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Saturday, August 25, 2012

Requiescat in pace: Neil Alden Armstrong (1930-2012), American astronaut, hero to the human race

My friend Patterico has a post up honoring a true American hero who passed away today — Neil Armstrong, the first human to walk on the moon. Lightly edited and without blockquoting, here's the comment I left on his blog:

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I was born in 1957, the year of Sputnik — indeed, during its few weeks of orbit — so I was old enough not just to watch, but to relish, the 1969 Apollo 11 landing. Indeed, although I don’t quite remember Alan Shepard’s flight, I do definitely remember John Glenn’s, and all the rest of the Mercury, Gemini, and Apollo flights which preceded or followed Apollo 11.

Neil Armstrong, on the surface of the moon in July 1969By July 1969, I had several models of each major component spacecraft of the Apollo system, constructed variously of plastic, paper, or balsa wood and with varying levels of detail. Some of them were working model rockets that I’d sent hundreds of feet into the air before they returned to earth on their plastic parachutes. I was almost certainly an insufferable fan. I remember accompanying my father to the barbershop some weeks before the landing; while he got his haircuit, I was explaining to all the grownups present how the Lunar Excursion Module was practically made of aluminum foil, and that the real one was less rugged than some of my models. On the fateful day, while Walter Cronkite narrated, Armstrong was piloting the real LEM over and around the boulders strewn across the Sea of Tranquility, and I was piloting my favorite and most detailed plastic version over and around the sofas, chairs, and other obstacles of the Dyer living room. Neil and I had simultaneous, and equally successful, touchdowns. The whole world celebrated.

Folks are apparently still arguing over whether Armstrong said “One small step for man,” which made no sense, or “One small step for a man,” which made perfect sense. I wish historians could get their acts together and report it the way it makes sense, even if they feel compelled to drop a footnote to suggest that Armstrong might have inadvertently swallowed the “a.” Let’s recognize that Armstrong didn’t have the luxury that Doug MacArthur had to re-film his return to the Philippines and re-shoot his famous “I have returned” line until he was entirely satisfied with it.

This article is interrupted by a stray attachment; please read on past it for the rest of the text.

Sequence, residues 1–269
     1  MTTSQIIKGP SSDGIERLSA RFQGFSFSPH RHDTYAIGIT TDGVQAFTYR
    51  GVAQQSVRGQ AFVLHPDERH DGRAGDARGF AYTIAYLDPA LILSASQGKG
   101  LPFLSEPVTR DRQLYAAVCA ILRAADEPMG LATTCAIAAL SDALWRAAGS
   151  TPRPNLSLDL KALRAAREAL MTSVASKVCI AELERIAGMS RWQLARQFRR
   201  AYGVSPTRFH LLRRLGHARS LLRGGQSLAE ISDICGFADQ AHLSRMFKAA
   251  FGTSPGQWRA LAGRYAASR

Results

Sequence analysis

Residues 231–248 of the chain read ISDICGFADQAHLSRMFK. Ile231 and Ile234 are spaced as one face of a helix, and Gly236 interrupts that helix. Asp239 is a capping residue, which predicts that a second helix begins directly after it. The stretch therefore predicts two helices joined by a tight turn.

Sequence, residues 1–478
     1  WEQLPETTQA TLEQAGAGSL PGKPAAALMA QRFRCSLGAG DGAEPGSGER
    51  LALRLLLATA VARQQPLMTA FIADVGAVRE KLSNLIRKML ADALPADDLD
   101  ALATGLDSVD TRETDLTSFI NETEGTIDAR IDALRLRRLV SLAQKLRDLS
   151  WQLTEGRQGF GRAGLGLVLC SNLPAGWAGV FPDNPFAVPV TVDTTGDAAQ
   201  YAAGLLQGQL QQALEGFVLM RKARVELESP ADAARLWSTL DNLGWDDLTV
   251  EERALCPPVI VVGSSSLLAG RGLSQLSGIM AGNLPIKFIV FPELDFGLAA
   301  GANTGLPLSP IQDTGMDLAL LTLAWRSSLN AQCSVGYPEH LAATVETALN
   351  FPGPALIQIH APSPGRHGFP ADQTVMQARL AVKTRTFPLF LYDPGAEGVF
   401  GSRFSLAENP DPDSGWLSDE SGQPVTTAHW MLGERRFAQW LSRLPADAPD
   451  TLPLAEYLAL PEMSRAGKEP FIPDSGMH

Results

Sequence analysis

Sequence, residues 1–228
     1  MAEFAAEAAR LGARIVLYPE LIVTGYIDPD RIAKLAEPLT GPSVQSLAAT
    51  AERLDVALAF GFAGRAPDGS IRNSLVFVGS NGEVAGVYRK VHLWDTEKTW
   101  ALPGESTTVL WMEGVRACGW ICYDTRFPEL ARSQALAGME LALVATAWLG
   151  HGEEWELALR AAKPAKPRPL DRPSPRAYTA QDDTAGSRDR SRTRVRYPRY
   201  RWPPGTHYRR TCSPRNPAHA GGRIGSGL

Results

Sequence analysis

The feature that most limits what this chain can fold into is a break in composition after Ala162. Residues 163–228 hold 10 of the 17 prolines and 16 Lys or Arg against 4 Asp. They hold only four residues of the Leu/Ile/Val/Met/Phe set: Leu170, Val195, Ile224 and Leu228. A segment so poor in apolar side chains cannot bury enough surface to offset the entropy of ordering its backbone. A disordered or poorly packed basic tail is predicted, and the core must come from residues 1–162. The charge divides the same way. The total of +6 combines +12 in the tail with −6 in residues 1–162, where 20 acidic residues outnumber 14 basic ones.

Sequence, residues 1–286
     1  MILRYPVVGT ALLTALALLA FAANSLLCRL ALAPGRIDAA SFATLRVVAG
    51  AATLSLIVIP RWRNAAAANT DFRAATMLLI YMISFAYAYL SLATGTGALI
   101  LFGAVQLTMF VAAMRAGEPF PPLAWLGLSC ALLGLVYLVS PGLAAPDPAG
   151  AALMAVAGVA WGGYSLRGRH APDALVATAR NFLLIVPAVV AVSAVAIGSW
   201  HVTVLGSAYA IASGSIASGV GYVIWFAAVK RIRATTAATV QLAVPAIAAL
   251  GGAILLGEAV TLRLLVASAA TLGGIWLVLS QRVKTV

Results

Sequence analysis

Armstrong wasn’t just a lucky guy who was in the right place at the right time to snag a history-making role — although there was some luck involved in his beating out the other Apollo astronaut candidates and astronaut wannabes. Rather, he and his fellows were extraordinary pilots and professionals, patriots who’d seen friends blown apart or burned up while pushing the boundaries of manned flight. They all knew the same could happen to them at almost any moment, but they were all righteously committed to helping make that giant leap for mankind. Can we at least give them all the benefit of a generous standard for quoting what might in fact have been said, and what clearly was meant to be said, instead of a truncated and nonsensical version of that quote?

Posted by Beldar at 04:30 PM in Film/TV/Stage, History, Science, Technology/products, Travel | Permalink

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Comments

(1) furious_a made the following comment | Aug 25, 2012 5:28:22 PM | Permalink

78 combat missions over Korea by the time he was 22. After than Neil Armstrong joined the Space Program.

(2) Mark L made the following comment | Aug 25, 2012 6:45:43 PM | Permalink

Apollo 11 launched on my 14th birthday. No kid could ever have asked for a better birthday candle.

Worked at JSC on the Shuttle Program from 1979 through 2011. My first years there a lot of the older engineers (they were in their late 30s and early 40s -- absolutely *ancient* I then thought) were Apollo veterans. Today I am in the oil patch, and enjoying it, but still . . .

I feel *old* today.

(3) Beldar made the following comment | Aug 25, 2012 8:39:50 PM | Permalink

A photo caption I've just seen elsewhere makes me wonder whether the photo I included in this text is actually of Buzz Aldrin instead of Neil Armstrong. If so, then that must be Armstrong in the visor reflection.

(4) Dafydd the Distinguisher made the following comment | Aug 26, 2012 12:40:15 AM | Permalink

Beldar:

And the best thing about Neil Armstrong (who did not sing in either Buffalo Springfield or Crosby, Nash, Stills, and Young, in case NBC is still befuddled) is that, unlike John Glenn, Armstrong did not strong-arm his heroic past into propaganda for beligerent Democratic partisanship.

I hope we all remember how Glenn disgraced himself during hearings on the possiblity that Red China bribed Bill Clinton with millions of dollars in campaign cash to alter U.S. foreign policy and kowtow to the PRC. (Specifically, Glenn demanded a strict time limit on the discussion... and then pointedly, almost brazenly ran out the clock, preventing us from ever finding out whether our 42nd president was a Communist patsy or dupe.)

I don't recall any overtly partisan bullying by Neil Young Armstrong; he was always a gentleman, a patriot, and a man who believed that the achievements of the space program, his own tremendous achievement included, should benefit all Mankind, and should not be politicized to benefit one party over the other.

Dafydd

(5) Milhouse made the following comment | Aug 26, 2012 8:56:24 PM | Permalink

Very good point, Dafydd. I hope to see you at Worldcon.

(6) Dafydd the Immovable made the following comment | Aug 27, 2012 4:29:38 PM | Permalink

Milhouse:

I hope to see you at Worldcon.

Heh, in 2013, maybe...!

Dafydd

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